The Appellate Court in Ottawa on Thursday denied the Ottawa High School Board’s petition to rehear the Tim Burgess case.
The Appellate Court issued an order in October to reverse his 2015 dismissal and send back the matter to the La Salle County Circuit Court. Appellate judges are standing by the ruling, releasing an identical judgment to the initial ruling in its Thursday confirmation.
The school board fired Burgess, also a coach, for what a majority of board members termed “inappropriate and unprofessional conduct,” based on his conduct at a September 2014 union meeting, a November 2014 union meeting and a December 2014 investigatory meeting.
The board is considering its next action, which may involve petitioning to the Illinois Supreme Court. The school board must make its decision by Feb. 13.
“Unfortunately, the Illinois Appellate Court has chosen to leave in place the language and decision that was originally entered,” said Don Harris, Ottawa High School board president. “We will continue to review our legal options regarding this matter and will take those actions deemed in the best interest of Ottawa Township High School District 140.”
Burgess and his lawyer will wait on the board to see what action is taken.
“I’m very appreciative of the Appellate Court’s decision,” Burgess said. “I believe it was the right decision.”
In January 2015, the school board fired Burgess, citing disruptions at a teachers union meeting as the tipping point after a history of warnings on previous disciplinary infractions.
After a hearing on Burgess’ termination, an Illinois State Board of Education hearing officer recommended Burgess should be reinstated. However, a majority of the board still held Burgess should remain fired. Burgess went to court to have a judge overturn the board’s action, but Circuit Judge Joseph Hettel upheld the board’s decision.
In its petition to rehear the case, the district said there were several fundamental errors in the appellate judges’ assessment of the facts.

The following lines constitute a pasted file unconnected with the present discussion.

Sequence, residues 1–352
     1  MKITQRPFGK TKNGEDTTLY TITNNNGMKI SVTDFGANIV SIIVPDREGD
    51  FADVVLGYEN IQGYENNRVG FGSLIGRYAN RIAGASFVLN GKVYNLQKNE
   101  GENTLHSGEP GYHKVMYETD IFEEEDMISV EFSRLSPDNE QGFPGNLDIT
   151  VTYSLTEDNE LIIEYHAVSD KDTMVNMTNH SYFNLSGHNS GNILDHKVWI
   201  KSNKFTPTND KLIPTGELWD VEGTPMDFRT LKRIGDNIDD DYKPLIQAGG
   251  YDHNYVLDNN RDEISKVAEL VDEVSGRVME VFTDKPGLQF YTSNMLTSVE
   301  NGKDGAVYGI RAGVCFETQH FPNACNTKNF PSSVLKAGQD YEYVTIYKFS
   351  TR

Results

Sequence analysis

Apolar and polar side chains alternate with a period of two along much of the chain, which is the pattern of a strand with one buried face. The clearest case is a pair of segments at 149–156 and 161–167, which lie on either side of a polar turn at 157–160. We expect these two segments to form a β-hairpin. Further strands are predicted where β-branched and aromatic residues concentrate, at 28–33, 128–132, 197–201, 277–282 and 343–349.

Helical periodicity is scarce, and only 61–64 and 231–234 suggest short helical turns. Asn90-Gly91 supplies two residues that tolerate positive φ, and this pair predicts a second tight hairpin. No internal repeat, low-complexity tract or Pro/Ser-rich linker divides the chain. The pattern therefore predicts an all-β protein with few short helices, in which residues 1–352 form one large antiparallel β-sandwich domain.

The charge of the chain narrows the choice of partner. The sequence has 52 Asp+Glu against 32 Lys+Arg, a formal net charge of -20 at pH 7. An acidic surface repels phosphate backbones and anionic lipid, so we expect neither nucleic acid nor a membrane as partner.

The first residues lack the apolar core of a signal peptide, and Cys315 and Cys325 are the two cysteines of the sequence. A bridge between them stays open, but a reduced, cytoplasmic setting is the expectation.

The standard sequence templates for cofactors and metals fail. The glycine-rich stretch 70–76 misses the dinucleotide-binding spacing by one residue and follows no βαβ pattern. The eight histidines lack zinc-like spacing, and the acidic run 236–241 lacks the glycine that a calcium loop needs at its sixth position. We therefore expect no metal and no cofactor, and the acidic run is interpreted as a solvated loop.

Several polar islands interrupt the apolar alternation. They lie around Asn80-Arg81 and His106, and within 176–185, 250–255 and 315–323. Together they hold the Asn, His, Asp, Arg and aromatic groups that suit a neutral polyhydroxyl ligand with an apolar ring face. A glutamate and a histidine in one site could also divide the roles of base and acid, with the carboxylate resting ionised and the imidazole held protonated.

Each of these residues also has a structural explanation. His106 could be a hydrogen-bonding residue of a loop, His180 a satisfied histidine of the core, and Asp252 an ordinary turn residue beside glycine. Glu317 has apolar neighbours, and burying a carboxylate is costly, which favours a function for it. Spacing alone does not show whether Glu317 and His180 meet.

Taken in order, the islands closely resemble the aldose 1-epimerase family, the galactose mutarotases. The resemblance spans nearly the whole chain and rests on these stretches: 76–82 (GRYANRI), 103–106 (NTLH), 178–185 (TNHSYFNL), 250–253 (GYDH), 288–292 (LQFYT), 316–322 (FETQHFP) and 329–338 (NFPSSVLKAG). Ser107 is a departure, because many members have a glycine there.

Specifically, the district said the court put inappropriate weight on witnesses. Appellate judges had said the board unfairly placed its own witnesses at the top and Burgess’ at the bottom of the hierarchy. In turn, the board said judges did the same thing by overlooking the bias from Burgess’ witnesses.
The board also said the court ignored the power legislators gave school boards when they passed Senate Bill 7, which gave school boards the ability to dismiss teachers, so long as it is not arbitrary, capricious or unrelated to their service.
The board said this governing tool passed on by legislators is intended to give local voters control in these matters and it was usurped by the court’s ruling.
“While the Board of Education respects the decision and opinion issued by the Appellate Court, there is concern that its legal analysis of both the facts and law involved in this case was incorrect,” Harris said in his statement. “Specifically, the Board is advised that there was more than sufficient evidence in the record to warrant the disciplinary action taken by the Board of Education with respect to Mr. Burgess and that its ultimate decision to terminate his employment was neither inappropriate nor clearly erroneous.”
The Appellate Court said the decision to fire Burgess was “clearly erroneous.”
The ruling stated the context of Burgess’ prior conduct is “highly significant.” The three previous disciplinary actions were related to his duties as a teacher. The conduct that precipitated the notice to remedy occurred at a public meeting of the school board.
“In marked contrast, the conduct that allegedly violated the notice to remedy and resulted in his dismissal was not related to his job performance, nor was it related to any impact on students, parents, members of the OTHS Board, the general public or staff in a school context.”
Judges said the actions occurred at closed-door meetings and the conduct, while not condoned, doesn’t relate to Burgess’ fitness to perform as a teacher.